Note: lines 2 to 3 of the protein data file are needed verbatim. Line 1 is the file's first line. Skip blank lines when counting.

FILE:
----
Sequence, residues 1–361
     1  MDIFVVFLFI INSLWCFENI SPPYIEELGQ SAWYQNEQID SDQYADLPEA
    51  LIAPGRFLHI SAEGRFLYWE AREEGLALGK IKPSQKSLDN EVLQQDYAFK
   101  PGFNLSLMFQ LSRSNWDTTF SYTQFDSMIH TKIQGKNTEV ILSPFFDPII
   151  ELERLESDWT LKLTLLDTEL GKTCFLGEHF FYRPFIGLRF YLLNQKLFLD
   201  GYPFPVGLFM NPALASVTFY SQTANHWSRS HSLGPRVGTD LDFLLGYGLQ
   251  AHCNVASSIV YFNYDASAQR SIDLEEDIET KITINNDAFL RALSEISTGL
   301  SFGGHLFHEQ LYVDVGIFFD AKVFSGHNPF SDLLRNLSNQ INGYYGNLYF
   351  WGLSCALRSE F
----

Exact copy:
     1  MDIFVVFLFI INSLWCFENI SPPYIEELGQ SAWYQNEQID SDQYADLPEA
    51  LIAPGRFLHI SAEGRFLYWE AREEGLALGK IKPSQKSLDN EVLQQDYAFK